The Germ eBook

This eBook from the Gutenberg Project consists of approximately 257 pages of information about The Germ.
sighs,
    They stood before Him in the public way. 
    “Had’st Thou been with him, Lord, upon that day,
  He had not died,” she said, drooping her eyes. 
  Mary and Martha with bowed faces kept
    Holding His garments, one on each side.—­“Where
      Have ye laid him?” He asked.  “Lord, come and see.” 
      The sound of grieving voices heavily
    And universally was round Him there,
  A sound that smote His spirit.  Jesus wept.

Sonnets for Pictures

1.  For a Virgin and Child, by Hans Memmelinck; in the Academy of Bruges

  Mystery:  God, Man’s Life, born into man
    Of woman.  There abideth on her brow
    The ended pang of knowledge, the which now
  Is calm assured.  Since first her task began,
  She hath known all.  What more of anguish than
    Endurance oft hath lived through, the whole space
    Through night till night, passed weak upon her face
  While like a heavy flood the darkness ran? 
  All hath been told her touching her dear Son,
    And all shall be accomplished.  Where he sits
      Even now, a babe, he holds the symbol fruit
    Perfect and chosen.  Until God permits,
      His soul’s elect still have the absolute
  Harsh nether darkness, and make painful moan.

2.  A Marriage of St. Katharine, by the same; in the Hospital of St. John at Bruges.

  Mystery:  Katharine, the bride of Christ. 
    She kneels, and on her hand the holy Child
    Setteth the ring.  Her life is sad and mild,
  Laid in God’s knowledge—­ever unenticed
  From Him, and in the end thus fitly priced. 
    Awe, and the music that is near her, wrought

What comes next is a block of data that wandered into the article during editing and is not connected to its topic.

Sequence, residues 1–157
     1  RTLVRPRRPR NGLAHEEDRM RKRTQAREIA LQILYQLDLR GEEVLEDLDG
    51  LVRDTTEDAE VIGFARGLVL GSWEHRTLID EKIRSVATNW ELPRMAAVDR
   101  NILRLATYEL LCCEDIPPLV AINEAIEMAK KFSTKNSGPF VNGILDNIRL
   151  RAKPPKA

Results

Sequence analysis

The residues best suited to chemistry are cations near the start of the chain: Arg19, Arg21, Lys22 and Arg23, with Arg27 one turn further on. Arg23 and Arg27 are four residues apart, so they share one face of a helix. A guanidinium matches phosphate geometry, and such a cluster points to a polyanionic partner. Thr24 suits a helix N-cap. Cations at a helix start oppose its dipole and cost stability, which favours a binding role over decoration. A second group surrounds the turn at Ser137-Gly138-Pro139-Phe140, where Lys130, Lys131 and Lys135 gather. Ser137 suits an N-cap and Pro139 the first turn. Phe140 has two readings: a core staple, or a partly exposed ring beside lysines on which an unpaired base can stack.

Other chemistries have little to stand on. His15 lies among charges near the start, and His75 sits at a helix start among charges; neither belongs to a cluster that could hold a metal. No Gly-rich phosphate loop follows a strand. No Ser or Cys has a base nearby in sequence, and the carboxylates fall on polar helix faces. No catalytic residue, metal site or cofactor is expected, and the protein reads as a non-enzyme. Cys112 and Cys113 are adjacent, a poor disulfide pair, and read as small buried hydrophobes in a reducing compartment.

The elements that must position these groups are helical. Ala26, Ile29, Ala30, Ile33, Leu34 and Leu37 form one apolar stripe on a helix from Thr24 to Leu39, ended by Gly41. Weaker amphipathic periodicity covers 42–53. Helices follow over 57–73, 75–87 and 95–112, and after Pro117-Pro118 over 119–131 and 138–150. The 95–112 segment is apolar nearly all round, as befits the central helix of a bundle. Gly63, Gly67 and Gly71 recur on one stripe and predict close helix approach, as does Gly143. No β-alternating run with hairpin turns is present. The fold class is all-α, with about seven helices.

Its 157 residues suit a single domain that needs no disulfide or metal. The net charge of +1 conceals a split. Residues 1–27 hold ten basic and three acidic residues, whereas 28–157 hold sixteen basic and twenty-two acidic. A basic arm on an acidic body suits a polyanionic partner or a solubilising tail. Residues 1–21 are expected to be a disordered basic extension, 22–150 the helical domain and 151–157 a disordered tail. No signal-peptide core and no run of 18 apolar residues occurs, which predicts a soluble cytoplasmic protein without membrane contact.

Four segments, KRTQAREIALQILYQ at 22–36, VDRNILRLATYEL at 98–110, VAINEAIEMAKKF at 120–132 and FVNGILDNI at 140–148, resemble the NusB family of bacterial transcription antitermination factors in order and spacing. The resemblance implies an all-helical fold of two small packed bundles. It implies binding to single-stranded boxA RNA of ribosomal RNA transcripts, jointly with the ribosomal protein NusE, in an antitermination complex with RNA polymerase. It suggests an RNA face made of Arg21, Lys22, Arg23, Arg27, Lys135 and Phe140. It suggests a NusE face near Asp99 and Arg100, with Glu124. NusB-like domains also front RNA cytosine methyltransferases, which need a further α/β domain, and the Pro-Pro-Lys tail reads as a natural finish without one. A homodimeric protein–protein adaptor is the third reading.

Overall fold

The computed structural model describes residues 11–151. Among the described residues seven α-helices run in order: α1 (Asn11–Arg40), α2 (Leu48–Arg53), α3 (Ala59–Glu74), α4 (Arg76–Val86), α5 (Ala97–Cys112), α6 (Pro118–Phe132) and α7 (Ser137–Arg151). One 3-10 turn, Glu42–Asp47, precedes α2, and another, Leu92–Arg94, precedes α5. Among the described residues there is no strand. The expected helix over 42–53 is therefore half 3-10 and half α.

Of Angels, hath possessed her eyes in thought: 
  Her utter joy is her’s, and hath sufficed. 
  There is a pause while Mary Virgin turns
    The leaf, and reads.  With eyes on the spread book,
      That damsel at her knees reads after her. 
      John whom He loved and John His harbinger
    Listen and watch.  Whereon soe’er thou look,
  The light is starred in gems, and the gold burns.

3.  A Dance of Nymphs, by Andrea Mantegna; in the Louvre.

(It is necessary to mention, that this picture would appear to have been in the artist’s mind an allegory, which the modern spectator may seek vainly to interpret.)

  Scarcely, I think; yet it indeed may be
    The meaning reached him, when this music rang
    Sharp through his brain, a distinct rapid pang,
  And he beheld these rocks and that ridg’d sea. 
  But I believe he just leaned passively,
    And felt their hair carried across his face
    As each nymph passed him; nor gave ear to trace
  How many feet; nor bent assuredly
  His eyes from the blind fixedness of thought
    To see the dancers.  It is bitter glad
      Even unto tears.  Its meaning filleth it,
      A portion of most secret life:  to wit:—­
    Each human pulse shall keep the sense it had
  With all, though the mind’s labour run to nought.

Copyrights
Project Gutenberg
The Germ from Project Gutenberg. Public domain.
Follow Us on Facebook